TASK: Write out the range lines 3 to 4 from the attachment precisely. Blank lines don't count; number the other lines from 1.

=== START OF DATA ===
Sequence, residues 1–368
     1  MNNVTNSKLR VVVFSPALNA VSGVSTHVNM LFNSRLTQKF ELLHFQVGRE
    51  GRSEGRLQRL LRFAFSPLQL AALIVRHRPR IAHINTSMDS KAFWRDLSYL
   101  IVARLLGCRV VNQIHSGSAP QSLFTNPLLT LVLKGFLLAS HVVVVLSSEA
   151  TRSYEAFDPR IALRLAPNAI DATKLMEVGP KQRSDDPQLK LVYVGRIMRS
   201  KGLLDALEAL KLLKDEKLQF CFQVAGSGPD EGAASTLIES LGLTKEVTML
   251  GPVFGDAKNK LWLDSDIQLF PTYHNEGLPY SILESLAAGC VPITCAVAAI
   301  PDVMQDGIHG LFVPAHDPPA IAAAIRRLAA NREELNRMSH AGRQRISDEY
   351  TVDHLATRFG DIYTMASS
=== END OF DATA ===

    51  GRSEGRLQRL LRFAFSPLQL AALIVRHRPR IAHINTSMDS KAFWRDLSYL
   101  IVARLLGCRV VNQIHSGSAP QSLFTNPLLT LVLKGFLLAS HVVVVLSSEA